Talking with your family about race and social justice can be scary, awkward, and uncomfortable. If you’re a white ally like me, you probably grew up sweeping these kinds of topics under the rug, either because they felt like ancient history or because they didn’t affect you directly. The reality is that our privilege protected us from needing to have certain conversations about police brutality and systemic racism that our Black classmates, friends, and neighbors simply couldn’t avoid. But, that was then, and this is now, and it’s high time to end the silence.
So, how do you do that? Well, it’s a great question and one that doesn’t have a simple answer. This isn’t going to be a one-and-done conversation. In fact, it may take months or years to untangle the web. You may make meaningful progress today only to find that things are right back to square one tomorrow. But you mustn’t stop the work. It’s vital and crucial and labor that we as allies have to take on.
To that point, I want to acknowledge that I am a white, queer, non-binary person. I’ve got a lot of privilege and am mostly speaking to my fellow white allies in this post. I’ve compiled tips that have been useful for me in the past as well as some things to consider when navigating these conversations. It’s far from a complete guide, but should provide you with some inspiration for crafting your own plan of attack.
Before you engage in a conversation about race or social justice with your family, take a minute to consider your purpose. While things may get heated, you’re not here to argue. You’re here to spread love and awareness on a topic that’s important to you. You’re here to do the work and serve the cause by engaging with loved ones who need to learn a thing or two. Keeping a tight focus on your mission will help you stay calm and navigate any uncomfortable moments that might arise.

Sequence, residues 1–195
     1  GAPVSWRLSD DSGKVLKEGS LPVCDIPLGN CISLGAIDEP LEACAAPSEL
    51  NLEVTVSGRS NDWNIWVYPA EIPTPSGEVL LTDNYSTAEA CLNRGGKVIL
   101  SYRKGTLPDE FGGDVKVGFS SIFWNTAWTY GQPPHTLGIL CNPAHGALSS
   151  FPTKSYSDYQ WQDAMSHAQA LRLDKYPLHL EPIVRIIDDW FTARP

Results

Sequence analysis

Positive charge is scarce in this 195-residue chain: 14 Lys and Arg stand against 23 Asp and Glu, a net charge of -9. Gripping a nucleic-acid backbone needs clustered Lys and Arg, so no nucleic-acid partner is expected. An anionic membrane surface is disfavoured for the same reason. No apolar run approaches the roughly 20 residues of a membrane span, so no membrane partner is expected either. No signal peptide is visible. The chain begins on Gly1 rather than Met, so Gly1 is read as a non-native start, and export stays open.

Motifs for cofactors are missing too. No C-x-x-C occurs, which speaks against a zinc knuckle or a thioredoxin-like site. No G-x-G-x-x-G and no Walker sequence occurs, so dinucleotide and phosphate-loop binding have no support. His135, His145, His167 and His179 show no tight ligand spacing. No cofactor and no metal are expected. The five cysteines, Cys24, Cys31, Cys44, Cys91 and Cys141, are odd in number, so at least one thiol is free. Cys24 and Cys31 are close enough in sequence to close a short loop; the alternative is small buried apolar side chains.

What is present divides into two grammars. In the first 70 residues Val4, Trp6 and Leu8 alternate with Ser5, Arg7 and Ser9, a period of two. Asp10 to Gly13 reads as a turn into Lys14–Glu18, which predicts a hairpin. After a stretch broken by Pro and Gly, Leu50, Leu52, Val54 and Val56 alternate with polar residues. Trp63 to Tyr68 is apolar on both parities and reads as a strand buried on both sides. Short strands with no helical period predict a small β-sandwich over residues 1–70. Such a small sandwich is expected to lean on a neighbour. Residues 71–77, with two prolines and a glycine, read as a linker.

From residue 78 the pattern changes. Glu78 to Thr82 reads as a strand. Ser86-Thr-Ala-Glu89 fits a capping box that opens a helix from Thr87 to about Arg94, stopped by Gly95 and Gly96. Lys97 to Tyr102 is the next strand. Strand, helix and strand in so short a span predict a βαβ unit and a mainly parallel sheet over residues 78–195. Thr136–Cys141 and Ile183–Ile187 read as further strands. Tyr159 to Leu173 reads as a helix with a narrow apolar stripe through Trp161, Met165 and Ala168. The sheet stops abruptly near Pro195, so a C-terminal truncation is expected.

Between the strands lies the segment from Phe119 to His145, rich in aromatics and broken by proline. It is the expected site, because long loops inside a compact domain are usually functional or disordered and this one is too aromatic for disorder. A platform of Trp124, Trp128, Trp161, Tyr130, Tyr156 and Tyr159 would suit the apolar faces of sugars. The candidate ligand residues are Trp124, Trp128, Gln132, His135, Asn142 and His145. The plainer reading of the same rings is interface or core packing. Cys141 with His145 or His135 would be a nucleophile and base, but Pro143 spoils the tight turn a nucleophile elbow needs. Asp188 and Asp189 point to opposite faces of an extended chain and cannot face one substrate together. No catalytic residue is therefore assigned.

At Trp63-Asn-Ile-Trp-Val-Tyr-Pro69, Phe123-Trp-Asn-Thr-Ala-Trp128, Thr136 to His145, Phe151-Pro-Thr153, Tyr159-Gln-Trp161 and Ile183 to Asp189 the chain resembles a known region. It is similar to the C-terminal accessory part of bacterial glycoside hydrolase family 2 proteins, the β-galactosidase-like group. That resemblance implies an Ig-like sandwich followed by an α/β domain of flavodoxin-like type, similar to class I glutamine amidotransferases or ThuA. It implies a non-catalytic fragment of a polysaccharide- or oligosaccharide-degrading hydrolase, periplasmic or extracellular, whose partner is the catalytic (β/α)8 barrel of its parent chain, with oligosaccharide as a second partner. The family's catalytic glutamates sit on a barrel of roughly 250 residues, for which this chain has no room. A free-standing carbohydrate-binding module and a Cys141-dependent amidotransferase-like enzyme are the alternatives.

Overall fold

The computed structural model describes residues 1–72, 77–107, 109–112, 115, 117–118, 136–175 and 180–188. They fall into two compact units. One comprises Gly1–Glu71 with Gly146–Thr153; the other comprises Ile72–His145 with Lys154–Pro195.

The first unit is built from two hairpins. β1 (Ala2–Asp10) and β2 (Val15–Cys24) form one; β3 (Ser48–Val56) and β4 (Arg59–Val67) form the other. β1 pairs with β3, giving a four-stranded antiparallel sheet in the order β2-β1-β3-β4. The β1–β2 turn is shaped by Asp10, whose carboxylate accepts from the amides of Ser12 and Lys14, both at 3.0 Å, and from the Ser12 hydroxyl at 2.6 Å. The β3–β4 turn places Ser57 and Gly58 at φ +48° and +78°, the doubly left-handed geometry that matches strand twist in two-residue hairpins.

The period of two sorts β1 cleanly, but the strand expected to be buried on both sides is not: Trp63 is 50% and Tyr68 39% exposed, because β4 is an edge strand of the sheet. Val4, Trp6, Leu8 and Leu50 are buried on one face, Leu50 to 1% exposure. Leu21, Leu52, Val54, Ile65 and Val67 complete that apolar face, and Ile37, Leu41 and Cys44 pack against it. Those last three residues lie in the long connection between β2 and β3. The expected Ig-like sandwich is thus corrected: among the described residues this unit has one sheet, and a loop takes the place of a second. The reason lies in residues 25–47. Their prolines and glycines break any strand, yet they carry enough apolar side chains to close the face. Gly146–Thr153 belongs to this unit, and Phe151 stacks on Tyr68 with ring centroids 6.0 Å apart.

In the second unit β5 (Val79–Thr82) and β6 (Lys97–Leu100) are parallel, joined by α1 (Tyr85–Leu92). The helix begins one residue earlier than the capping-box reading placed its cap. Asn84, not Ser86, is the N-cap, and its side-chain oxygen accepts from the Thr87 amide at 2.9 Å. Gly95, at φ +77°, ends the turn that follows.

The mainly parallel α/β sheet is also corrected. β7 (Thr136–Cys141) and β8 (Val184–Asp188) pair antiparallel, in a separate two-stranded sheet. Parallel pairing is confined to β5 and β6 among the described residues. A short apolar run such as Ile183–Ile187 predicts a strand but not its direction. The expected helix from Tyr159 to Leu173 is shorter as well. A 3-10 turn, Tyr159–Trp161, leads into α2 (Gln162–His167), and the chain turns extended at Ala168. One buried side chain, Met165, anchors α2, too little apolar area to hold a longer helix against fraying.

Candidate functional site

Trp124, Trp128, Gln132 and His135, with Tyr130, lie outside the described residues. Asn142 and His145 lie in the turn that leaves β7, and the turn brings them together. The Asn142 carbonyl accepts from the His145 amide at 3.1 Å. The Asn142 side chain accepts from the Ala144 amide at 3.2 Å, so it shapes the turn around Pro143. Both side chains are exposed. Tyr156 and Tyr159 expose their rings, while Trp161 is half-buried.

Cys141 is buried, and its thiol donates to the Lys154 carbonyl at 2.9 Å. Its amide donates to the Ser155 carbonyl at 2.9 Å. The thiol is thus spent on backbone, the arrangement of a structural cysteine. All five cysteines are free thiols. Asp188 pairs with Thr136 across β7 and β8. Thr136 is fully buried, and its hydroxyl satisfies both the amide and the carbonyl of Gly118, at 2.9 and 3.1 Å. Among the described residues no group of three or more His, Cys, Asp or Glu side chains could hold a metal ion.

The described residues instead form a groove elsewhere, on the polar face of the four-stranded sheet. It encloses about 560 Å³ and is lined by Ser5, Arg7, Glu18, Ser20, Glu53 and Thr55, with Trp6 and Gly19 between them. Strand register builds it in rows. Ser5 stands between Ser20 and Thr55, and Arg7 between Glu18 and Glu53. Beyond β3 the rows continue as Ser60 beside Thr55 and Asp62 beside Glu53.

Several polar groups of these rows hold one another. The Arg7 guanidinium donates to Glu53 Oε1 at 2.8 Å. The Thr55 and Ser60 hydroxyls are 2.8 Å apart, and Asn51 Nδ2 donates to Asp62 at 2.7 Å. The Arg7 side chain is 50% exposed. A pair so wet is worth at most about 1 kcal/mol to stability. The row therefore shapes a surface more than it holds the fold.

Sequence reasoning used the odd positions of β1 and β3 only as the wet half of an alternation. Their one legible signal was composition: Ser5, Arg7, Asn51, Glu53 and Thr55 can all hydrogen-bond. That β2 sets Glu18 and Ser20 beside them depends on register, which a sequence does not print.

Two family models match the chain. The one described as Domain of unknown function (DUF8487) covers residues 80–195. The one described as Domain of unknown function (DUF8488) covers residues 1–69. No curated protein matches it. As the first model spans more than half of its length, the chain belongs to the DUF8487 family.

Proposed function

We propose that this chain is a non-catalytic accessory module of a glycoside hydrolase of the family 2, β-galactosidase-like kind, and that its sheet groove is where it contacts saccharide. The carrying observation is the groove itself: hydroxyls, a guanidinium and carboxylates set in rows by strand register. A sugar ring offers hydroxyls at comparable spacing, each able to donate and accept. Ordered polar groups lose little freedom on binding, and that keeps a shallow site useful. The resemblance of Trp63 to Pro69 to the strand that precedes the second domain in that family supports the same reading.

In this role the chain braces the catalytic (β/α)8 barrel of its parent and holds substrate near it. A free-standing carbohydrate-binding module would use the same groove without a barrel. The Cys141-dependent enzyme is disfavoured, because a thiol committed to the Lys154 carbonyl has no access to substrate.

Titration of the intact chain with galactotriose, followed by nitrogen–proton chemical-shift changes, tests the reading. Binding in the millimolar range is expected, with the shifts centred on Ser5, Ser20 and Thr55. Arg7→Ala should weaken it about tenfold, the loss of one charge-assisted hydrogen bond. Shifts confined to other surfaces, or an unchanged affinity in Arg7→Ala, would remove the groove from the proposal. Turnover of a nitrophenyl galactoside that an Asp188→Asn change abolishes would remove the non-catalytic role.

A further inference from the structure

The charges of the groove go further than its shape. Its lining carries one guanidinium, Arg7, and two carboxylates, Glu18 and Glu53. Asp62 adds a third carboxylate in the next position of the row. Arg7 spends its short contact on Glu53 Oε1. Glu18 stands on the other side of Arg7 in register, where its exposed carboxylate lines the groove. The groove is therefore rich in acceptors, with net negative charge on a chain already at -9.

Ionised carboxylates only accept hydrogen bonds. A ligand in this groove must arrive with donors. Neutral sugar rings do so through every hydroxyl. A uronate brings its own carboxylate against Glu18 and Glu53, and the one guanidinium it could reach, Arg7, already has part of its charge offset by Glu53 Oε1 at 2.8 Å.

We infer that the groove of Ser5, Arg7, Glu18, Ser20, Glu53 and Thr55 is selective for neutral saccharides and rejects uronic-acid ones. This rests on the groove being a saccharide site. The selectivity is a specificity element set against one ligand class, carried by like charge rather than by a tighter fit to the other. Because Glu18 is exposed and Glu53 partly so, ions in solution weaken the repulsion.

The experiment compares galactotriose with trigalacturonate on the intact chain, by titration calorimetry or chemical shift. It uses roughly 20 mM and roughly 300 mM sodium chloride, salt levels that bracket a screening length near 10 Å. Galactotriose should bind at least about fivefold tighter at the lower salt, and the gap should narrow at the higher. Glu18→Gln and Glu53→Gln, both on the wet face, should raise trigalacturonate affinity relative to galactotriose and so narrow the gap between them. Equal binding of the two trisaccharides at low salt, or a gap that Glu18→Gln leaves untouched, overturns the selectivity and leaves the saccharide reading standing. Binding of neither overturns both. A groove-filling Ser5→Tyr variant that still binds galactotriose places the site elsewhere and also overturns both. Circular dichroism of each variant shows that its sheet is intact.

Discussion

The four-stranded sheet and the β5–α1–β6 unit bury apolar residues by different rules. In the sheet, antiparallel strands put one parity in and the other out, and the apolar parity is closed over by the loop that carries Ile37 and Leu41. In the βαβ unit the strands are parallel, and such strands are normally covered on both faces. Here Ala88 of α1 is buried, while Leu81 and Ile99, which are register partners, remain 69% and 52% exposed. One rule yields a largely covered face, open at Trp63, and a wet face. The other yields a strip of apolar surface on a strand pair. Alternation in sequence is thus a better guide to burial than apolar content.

While you don’t need to be an expert on social justice issues to chat with your family members about them, it’s always helpful to do your homework. If you want to talk to your mom about defunding the police, for example, consider listening to activist Angela Davis’ talk on the Prison Industrial Complex or reading Invisible No More: Police Violence Against Black Women and Women of Color by Andrea Ritchie. Getting your facts straight will allow you to answer questions deftly, keep the conversation moving, and avoid any gaslight-y arguments.
That being said, it’s important to anticipate some pushback. If your family members aren’t familiar with these topics or generally shy away from “heavier” conversations, you can expect for there to be some tension. Thankfully, you probably know your family pretty well, so you should be able to predict how they’ll respond to certain things. By doing this, you can prepare rebuttals that recenter the conversation and neutralize any anger. Speaker and activist Sinead Bovell has created some fabulous responses relevant to this current moment, which could help you plan out your own.
In my experience, having these conversations with just one or two people at a time is most effective. This intimacy promotes better listening, less hurt feelings, and more opportunities to explain yourself thoroughly. And you don’t necessarily need to do all this in person! Engage in a text chain, start things off on a solo phone call, whatever line of communication works best for you.
To that end, I’d recommend trying to incorporate some of these things organically into conversations you’re already having. Look for natural opportunities to address current events or check in about the political climate. One way to do this is to keep it personal and offer up an observation or feeling you’ve been having. “I’ve been really moved by all the powerful protests going on around the country and would love to speak to you about them” or “I’ve been having a hard time processing all the news and wondering how you’re coping,” are two examples of how to begin that dialogue.